Ancient Hoplites

Ancient Hoplites

Wednesday, November 15, 2017

A Day at the Olympics -- An Excerpt from "A Peerless Peer"

At the start of the month I talked about Sparta's very successful athletes and Sparta's many victories in the Olympics. In this excerpt from "A Peerless Peer," Leonidas and his friends attend the Olympic games -- as spectators.

The boxing was scheduled for immediately after the dolichos, the long-distance race in which the runners had to run twenty-four lengths of the stadium. It was always hard to guess how long the dolichos would last, and since it was a rather boring event, many spectators skipped it to secure better seats for the boxing. The bulk of the Spartan spectators chose this option, because they had no strong entrant in the dolichos but were hoping Cleombrotus would give them a victory in the boxing. Leonidas, however, declared his intention to go to the dolichos.

"But if we go there, we'll never get a good seat for the boxing!" Sperchias protested.

"Why should I fight half of Greece for a place from which to watch my brother beat someone up? I can see that in Sparta without any trouble any day of the week." 

Sperchias opened his mouth three times to find an answer, and finally settled on, "But the dolichos is so boring."

"Not really. You go ahead to the boxing, if  you like."

Sperchias and Euryleon wordlessly followed Leonidas. They joined a small contingent of other Spartans, friends of the one Spartan competitor, Oliantus. No one really thought the young man, who was in the age-cohort ahead of Leonidas, had much of a changce against the Corinthian Aristeas or the Athenians, who were rumored to have not one but two outstanding runners, Pheidippides and Eukles.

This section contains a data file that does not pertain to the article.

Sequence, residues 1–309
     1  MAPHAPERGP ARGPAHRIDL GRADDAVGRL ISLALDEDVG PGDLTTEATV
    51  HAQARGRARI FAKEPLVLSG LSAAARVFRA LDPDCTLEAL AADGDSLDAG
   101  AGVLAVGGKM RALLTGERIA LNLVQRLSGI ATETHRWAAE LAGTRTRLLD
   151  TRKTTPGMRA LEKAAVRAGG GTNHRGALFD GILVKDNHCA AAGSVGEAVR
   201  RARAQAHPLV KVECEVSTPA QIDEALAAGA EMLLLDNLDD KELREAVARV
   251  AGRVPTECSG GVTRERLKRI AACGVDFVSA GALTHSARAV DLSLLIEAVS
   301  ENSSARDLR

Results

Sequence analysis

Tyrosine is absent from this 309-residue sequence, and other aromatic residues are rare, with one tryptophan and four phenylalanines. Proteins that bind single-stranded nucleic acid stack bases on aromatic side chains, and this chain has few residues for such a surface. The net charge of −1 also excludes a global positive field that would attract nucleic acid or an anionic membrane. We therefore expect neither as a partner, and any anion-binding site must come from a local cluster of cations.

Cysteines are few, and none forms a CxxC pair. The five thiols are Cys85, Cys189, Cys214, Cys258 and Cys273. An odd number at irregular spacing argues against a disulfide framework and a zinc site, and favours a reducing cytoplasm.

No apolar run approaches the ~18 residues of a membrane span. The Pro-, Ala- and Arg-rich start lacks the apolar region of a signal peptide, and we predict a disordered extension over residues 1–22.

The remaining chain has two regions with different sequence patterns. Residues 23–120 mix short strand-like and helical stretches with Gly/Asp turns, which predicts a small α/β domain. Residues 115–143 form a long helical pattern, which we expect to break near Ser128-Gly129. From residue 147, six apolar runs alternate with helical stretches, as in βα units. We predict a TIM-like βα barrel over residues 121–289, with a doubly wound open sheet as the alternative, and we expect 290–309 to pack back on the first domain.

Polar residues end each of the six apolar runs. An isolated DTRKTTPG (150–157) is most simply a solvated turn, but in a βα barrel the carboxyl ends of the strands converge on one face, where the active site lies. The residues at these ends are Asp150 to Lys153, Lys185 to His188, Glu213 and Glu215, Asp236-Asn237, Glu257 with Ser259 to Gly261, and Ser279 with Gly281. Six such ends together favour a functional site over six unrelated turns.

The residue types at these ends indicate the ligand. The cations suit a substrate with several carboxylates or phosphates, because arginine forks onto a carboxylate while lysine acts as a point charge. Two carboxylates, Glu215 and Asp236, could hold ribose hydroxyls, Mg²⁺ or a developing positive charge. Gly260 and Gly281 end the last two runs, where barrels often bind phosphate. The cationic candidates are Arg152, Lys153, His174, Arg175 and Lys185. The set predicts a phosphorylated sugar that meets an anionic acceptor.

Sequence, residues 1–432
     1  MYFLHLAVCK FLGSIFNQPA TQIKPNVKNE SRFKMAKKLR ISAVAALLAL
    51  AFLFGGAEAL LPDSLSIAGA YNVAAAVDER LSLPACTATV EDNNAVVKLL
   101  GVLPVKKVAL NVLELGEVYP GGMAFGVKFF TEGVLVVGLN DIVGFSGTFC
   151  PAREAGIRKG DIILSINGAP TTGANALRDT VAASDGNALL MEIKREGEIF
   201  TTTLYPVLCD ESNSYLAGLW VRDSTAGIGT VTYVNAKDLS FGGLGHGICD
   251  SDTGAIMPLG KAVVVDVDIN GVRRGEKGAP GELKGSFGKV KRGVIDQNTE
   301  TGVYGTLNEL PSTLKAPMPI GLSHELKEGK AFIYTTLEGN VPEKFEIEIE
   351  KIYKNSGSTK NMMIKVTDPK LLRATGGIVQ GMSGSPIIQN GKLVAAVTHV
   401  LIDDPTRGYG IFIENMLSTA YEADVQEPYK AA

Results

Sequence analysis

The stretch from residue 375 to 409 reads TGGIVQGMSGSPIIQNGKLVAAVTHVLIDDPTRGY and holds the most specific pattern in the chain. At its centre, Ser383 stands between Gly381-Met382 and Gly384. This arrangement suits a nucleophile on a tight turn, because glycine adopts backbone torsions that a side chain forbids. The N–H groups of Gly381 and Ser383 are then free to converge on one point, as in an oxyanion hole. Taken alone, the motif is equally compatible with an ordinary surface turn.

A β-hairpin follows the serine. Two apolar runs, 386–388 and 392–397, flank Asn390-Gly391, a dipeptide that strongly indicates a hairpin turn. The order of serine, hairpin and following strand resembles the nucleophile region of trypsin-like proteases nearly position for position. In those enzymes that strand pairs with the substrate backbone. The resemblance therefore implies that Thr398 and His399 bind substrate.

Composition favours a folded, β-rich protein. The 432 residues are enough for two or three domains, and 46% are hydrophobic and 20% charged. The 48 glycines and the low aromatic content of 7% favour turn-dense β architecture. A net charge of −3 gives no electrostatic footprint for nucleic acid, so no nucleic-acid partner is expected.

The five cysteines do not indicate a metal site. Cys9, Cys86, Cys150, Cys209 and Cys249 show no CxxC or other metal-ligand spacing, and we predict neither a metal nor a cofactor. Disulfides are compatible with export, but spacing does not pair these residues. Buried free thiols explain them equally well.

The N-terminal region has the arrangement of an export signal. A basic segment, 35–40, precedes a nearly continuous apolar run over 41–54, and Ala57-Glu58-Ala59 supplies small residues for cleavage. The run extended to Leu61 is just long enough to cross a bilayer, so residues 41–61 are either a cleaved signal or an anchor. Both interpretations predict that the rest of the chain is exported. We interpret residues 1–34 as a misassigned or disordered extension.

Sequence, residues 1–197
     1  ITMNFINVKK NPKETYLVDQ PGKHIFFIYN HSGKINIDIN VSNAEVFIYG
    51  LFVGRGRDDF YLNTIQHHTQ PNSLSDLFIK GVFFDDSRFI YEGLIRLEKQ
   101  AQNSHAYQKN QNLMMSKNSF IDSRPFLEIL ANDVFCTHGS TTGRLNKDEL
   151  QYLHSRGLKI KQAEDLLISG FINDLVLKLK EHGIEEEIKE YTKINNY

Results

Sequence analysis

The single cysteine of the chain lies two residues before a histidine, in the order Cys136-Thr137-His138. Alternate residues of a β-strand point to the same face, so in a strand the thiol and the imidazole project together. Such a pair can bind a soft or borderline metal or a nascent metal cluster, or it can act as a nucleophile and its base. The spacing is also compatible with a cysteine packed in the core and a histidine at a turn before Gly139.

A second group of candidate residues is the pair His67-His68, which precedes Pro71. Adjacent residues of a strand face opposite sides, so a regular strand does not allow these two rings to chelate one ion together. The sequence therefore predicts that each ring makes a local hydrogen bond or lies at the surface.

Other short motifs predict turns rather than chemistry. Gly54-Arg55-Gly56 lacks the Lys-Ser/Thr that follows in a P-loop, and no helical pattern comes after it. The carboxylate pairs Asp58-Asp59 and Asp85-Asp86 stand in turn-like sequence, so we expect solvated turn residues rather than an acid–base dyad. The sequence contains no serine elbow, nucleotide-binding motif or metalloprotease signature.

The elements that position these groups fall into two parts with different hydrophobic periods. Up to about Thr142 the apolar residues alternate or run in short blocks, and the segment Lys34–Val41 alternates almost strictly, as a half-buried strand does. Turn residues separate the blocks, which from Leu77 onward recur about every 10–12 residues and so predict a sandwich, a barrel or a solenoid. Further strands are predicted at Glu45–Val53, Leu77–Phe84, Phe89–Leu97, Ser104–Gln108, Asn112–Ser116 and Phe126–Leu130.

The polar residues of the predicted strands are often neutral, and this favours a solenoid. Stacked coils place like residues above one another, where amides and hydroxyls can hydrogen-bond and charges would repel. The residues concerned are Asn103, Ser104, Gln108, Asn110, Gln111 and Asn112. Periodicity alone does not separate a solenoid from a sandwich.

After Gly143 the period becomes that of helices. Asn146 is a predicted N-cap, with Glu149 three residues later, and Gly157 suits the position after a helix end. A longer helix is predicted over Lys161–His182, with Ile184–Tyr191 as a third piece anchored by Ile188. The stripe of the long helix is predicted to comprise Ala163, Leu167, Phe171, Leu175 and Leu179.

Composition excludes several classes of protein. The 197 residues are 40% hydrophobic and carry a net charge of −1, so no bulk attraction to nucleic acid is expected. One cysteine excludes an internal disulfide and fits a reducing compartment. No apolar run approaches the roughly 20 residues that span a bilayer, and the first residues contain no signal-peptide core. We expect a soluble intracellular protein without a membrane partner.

Leonidas and his friends made themselves comfortable partway down the slope beside the stadium.  These were not the best seats, but their interest was only moderate. Below them was a large crowd of rowdy Athenians, who at the moment were divided into two factions that were shouting insults at one another. It was hard to hear exactly what was being said, but it sounded as if some of the men invented little rhyming ditties that made rude remarks about their rival. These brought roars of approving laughter from their own faction and counter-insults from the other faction.

There was also a large Corinthian contingent, but this was more orderly, and the front-row seats near the finish line had been cordoned off. Only just before the start of the race did the men for whom these seats were reserved arrive in a small group, escorted by slaves. One man was even carried in on a litter, which the slaves set down so he could sit. The slaves then stood and held an awning over the spectators so they were shaded from the hot sun. Refreshments had evidently been brought as well.


The cheers around them grew in intensity. The runners were on their twenty-second lap. Just two more turns. The Spartan seemed to be gaining on the leaders, and the Spartan spectators were standing and cheering him by name. "Oliantus! Oliantus!" Leonidas was gald for him. He was a quiet, rather ugly man who hardly ever drew attention to himself. A conscientious soldier, Leonidas knew, who had been passed over for promotion every year. He felt it would only be fair if Oliantus won a surprise victory here -- and it served the rest of his countrymen right for preferring to secure seats for Brotus' fight rather than support the underdog. 


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